Two Poems

Poetry / Talin Tahajian

We saw them everywhere

We saw them everywhere, the moths inside the oven
& stuck to cold basement walls. So small & light
as if lightness was the opposite of sadness
in some early version of the world. When I peeled
them from the walls, all frozen & stuck
with skin, I wanted to scream like a bird
with no mother. I am not a man with hundreds of reasons
to kill a sparrow. The part of my quick
beating heart that is a small boy

has never been sadder. He felt like a dying animal
the way beasts look in the mirror & feel like gods
or small frozen moths. This is what I mean: their deadness
was something sacred. Let me explain: still trembling
with the possibility of flight. I have never known anything
as important as that. Let me explain: that awful
blueness. Let me explain: the point is to look like the ocean.

Vigil

I dreamed you were an older man
& everything was gentle. This made it hurt

more than you’d think. I didn’t wake up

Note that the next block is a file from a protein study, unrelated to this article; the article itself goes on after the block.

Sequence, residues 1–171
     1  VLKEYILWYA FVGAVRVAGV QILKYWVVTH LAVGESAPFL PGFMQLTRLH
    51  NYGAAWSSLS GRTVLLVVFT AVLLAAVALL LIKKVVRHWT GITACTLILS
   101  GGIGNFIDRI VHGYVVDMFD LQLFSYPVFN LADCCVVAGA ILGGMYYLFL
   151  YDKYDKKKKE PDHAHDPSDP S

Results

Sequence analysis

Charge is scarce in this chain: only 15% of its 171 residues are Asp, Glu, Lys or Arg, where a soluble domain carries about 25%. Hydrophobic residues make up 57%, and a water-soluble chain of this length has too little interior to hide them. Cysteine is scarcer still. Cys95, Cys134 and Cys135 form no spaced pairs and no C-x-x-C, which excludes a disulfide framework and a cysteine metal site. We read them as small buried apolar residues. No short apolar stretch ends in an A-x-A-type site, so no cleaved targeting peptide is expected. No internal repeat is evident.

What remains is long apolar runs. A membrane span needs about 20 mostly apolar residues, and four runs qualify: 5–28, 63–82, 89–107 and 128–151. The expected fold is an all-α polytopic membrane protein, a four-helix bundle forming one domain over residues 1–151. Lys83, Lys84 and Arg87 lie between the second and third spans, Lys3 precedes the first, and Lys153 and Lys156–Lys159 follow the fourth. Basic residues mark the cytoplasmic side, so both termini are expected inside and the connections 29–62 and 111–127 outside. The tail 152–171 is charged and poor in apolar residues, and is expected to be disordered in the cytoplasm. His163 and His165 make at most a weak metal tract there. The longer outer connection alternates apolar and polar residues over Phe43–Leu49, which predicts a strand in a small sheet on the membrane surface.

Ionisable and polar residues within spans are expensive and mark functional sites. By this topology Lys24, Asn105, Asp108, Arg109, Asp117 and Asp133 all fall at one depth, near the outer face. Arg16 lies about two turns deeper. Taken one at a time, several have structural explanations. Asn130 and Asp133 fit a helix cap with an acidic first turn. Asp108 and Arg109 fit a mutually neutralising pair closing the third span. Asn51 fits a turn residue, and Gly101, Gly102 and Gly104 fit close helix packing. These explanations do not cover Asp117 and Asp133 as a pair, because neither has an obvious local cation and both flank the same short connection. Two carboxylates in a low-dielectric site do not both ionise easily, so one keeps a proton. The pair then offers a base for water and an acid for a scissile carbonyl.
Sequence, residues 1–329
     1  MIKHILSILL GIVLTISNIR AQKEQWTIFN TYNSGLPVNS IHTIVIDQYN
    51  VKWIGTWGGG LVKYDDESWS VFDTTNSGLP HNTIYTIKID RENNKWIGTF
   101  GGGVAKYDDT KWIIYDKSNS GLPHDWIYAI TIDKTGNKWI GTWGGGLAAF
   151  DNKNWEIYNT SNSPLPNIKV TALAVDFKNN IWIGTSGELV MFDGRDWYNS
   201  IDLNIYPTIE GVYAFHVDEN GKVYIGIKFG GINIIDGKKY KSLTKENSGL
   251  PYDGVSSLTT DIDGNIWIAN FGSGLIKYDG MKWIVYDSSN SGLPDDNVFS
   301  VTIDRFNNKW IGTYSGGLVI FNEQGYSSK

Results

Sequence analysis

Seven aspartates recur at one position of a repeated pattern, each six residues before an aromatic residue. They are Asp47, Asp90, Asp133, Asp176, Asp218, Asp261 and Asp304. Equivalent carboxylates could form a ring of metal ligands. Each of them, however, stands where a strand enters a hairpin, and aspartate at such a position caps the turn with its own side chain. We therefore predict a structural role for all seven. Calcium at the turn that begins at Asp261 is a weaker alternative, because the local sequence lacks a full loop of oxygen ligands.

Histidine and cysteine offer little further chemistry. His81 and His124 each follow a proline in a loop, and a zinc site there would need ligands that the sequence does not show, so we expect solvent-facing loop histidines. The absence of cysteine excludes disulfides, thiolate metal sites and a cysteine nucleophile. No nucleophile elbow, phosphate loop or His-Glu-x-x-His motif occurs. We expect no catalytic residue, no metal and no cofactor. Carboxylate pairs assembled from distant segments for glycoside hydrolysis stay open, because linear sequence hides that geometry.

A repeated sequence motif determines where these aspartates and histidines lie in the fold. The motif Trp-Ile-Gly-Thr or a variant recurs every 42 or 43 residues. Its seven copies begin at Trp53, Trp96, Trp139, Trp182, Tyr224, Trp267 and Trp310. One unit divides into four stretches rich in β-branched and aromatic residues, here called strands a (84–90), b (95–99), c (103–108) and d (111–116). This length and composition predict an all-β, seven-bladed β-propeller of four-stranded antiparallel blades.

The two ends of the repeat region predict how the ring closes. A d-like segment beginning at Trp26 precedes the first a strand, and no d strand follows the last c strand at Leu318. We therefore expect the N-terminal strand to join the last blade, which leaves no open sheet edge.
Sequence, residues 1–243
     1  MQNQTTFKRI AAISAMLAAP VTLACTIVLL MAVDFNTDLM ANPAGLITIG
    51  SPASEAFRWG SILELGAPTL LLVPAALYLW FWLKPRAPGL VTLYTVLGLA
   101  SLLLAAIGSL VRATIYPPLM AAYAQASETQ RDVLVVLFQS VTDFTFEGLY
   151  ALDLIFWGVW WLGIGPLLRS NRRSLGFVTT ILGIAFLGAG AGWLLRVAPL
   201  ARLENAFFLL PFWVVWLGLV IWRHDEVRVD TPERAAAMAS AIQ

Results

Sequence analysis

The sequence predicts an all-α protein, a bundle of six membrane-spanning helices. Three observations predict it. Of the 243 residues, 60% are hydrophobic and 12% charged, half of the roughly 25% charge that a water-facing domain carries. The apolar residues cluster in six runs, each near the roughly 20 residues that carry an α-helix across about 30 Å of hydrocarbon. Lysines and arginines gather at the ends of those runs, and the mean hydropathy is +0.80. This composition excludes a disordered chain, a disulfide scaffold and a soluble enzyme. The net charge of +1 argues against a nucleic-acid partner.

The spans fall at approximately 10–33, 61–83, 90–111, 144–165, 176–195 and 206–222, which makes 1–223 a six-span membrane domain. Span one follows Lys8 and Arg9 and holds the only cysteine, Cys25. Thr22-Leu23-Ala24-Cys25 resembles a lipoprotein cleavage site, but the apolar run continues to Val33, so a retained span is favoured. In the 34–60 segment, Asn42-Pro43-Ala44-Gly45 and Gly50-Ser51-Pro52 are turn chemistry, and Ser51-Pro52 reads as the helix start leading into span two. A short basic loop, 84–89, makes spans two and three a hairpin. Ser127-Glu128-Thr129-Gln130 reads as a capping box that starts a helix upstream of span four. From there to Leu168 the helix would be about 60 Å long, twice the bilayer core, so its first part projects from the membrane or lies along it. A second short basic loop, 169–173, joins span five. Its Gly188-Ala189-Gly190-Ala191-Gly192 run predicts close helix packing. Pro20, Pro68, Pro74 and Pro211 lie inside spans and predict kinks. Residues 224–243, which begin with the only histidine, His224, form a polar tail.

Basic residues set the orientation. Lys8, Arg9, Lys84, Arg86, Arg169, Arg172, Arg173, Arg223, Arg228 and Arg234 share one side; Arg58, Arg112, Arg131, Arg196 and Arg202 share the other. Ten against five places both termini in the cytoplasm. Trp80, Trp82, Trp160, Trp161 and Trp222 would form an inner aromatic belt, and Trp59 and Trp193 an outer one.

in a panic. I was calm. It is something you learn

eventually. It takes a long time to understand
how to move with the pain & white.

All that milk & bone. Anything can be gentle
if you pray hard enough. I don’t have a word

for that awful softness. Imagine a salmon
split & splayed. Belly soft & spilling

with juice. The ravished pink. Caressing
those tender places: viscera bruised

& torn into roses. In dreams, I have a limp
& those tender places bloom into something

I don’t understand how to touch. You were soft
& white, gentle as a deity. This is not the way

I was made to exist. It is a terrible thing
to assume creation. To play God with weaker things.

Talin Tahajian grew up near Boston. Her poetry has recently appeared in Salt Hill Journal, Indiana Review, Kenyon Review Online, Best New Poets 2014, Columbia Poetry Review, and Washington Square Review. She's the author of half a split chapbook, Start with dead things (Midnight City Books, 2015), and serves as a poetry editor for the Adroit Journal. She is currently a student at the University of Cambridge, where she studies English literature.